Photo Credit: John Lott
Aaron Sanchez will get his wish – for at least part of the season.
“I’m thrilled,” he said after learning that he will open the Blue Jays’ season as a starter. “This is one of the days that I’ve been waiting for.”
But Blue Jays manager John Gibbons also made it clear that the Jays will impose an innings limit on the 23-year-old right-hander. That will likely mean sending him back to the bullpen, where he excelled down the stretch last year, at some point later in the season.
“I don’t see him pitching the whole year as a starter,” Gibbons said, “because I think it’d be harmful to him. We’ve got to be smart about this too – his future.”
Over six seasons in pro ball, Sanchez has never worked more than the 133.1 total innings he threw in 2014. Last year, between 11 starts and 30 relief appearances, he pitched 92.1 innings.
Sanchez himself said he has not been advised of a specific innings limit or the timing of a move back to the bullpen.
“The main key is just pitching all year and finding a way to do that,” he said. “I don’t know how that’s going to happen. I know we talked about maybe going down to the ‘pen. I feel like we’ll deal with that when the time comes. My main goal is to just pitch from start to finish.”
I asked whether he means that he wants to go wire-to-wire as a starter. He replied simply that he wants to pitch all year.
And when pressed, Gibbons refused to take the bait about how many innings the Jays have in mind.
“We’re talking about that, but we’re never going to come out and reveal what that is. It gives you guys too much red meat,” Gibbons replied.
The starter-vs.-reliever debate provided plenty of red meat all spring for fans and media types. And in the Blue Jays’ front office, there was no unanimity about which way to go until the past few days.
The decision smacks of a compromise of sorts.
Sanchez, who stands 6-foot-4, added 20 pounds during a grueling workout regimen with his buddy Marcus Stroman in the off-season in hopes they could finally become rotation mates. Sanchez came to camp determined to start, and over five spring outings he allowed three runs in 20 innings with 19 strikeouts and three walks.
But those who favoured a relief role figured that with Sanchez, Brett Cecil, Drew Storen and Roberto Osuna at the back of the bullpen, the Jays would have a better chance of protecting early leads. And with a strong offence, the argument went, the team could get by with Gavin Floyd, for example, in the fifth starter’s role.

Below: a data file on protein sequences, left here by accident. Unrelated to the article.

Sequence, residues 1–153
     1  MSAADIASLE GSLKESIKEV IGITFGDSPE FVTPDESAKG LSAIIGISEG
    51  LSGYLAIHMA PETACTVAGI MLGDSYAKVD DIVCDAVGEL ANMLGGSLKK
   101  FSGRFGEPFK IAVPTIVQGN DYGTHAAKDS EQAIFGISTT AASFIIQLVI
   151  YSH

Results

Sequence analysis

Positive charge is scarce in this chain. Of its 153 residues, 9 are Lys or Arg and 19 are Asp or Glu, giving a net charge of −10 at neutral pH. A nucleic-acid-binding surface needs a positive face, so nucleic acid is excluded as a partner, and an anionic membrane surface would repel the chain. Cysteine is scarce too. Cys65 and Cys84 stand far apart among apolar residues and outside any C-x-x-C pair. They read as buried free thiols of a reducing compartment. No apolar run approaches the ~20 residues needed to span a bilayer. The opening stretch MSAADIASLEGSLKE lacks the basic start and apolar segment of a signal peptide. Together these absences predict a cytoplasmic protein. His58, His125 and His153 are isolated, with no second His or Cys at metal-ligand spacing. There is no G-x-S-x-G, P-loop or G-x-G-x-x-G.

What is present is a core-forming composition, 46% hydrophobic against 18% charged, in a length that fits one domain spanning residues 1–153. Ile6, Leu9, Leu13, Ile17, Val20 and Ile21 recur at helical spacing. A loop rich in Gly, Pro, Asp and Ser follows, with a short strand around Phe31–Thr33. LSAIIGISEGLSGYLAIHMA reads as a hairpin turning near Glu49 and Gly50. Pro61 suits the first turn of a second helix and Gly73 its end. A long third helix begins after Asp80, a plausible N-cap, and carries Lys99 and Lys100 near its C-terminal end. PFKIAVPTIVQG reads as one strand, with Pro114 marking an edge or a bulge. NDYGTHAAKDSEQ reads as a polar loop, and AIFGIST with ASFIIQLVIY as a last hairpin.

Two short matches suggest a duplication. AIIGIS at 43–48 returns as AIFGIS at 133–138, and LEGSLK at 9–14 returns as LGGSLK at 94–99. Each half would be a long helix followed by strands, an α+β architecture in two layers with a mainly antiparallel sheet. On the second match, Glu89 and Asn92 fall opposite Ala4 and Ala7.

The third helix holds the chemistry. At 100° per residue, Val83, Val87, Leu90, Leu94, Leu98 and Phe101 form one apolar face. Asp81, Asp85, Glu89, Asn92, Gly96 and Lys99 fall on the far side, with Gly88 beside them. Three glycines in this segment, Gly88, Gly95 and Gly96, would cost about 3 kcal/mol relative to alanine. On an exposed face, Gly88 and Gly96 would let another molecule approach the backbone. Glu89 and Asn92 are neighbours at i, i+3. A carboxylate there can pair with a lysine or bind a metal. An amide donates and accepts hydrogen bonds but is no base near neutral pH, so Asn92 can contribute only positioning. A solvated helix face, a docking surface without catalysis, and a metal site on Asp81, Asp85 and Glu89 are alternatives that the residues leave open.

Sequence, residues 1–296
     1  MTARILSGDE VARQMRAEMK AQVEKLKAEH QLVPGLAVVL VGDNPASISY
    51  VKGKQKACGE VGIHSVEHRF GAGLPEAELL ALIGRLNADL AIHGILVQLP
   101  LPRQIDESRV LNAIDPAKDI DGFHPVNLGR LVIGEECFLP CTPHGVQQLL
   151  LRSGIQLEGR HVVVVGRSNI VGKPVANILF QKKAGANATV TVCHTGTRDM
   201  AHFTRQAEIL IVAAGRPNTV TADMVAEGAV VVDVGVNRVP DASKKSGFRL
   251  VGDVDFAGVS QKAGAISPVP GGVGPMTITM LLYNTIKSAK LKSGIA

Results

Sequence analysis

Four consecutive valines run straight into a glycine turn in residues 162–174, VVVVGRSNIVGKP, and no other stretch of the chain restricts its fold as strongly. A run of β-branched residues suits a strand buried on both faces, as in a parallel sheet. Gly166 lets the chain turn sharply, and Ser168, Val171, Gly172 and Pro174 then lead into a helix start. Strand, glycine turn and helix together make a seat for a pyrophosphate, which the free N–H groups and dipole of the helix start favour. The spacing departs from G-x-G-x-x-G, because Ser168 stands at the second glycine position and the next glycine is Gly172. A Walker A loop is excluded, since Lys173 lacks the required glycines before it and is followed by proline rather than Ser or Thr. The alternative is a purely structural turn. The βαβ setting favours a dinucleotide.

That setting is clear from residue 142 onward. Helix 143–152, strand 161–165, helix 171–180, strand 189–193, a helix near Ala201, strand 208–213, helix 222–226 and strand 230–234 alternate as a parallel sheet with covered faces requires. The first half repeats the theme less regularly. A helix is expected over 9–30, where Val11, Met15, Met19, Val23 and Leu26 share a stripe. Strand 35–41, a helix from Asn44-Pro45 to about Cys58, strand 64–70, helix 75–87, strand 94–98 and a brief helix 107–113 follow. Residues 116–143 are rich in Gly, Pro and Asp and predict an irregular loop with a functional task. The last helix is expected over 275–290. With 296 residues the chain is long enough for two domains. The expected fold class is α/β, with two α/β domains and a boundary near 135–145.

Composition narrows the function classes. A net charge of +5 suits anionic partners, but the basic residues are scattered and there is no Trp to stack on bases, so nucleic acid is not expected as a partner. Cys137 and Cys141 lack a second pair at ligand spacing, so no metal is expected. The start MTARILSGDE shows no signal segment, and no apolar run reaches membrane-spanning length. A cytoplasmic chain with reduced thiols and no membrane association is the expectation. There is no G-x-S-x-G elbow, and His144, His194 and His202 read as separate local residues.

By late summer, whether it’s Floyd, or Jesse Chavez, or the just-demoted Drew Hutchison, someone else will fill Sanchez’s spot. Or perhaps, at the trade deadline, another starter will become available, just about at the time Sanchez moves to the ‘pen.
I asked Gibbons – who always wanted Sanchez to start – whether there were strong views on both sides in the front-office debate.
“Oh yeah,” Gibbons said, “I totally understand it. I [acknowledged] too how much stronger that might make our bullpen possibly. If we didn’t have guys like Jesse Chavez down there, I think [he’s] going to be really big down there. He could pitch some late inning roles. I think even Gavin Floyd could pitch in some good roles down there late.”
Floyd was Sanchez’s main rival for the vacant starter’s spot. He will pitch in middle relief. Hutchison, who also has pitched well this spring, was sent to Triple-A Buffalo.
Sanchez said the strength he developed from his conditioning and weight gain has made his delivery more effortless and his fastball command more precise.
“In terms of secondary pitches, I think I’ve made tremendous strides with everything,” he said. “The cutter is still lacking, but that’s something that’s a work in progress and will continue to be a work in progress. I think my three-pitch mix is right where it needs to be and I’m ready to attack 2016.”
When he got the call to the office Monday morning, where was his anxiety level?
“I think I had anxiety the last four days, just the suspense, man, of not knowing what I’m doing, feeling like I did everything I could do and just letting the chips fall where they may,” he said. “I’m thrilled about the news, but now it’s time to work.”
He said he has not been told where he will slot into the rotation. And Gibbons wasn’t saying either. Too much red meat, probably.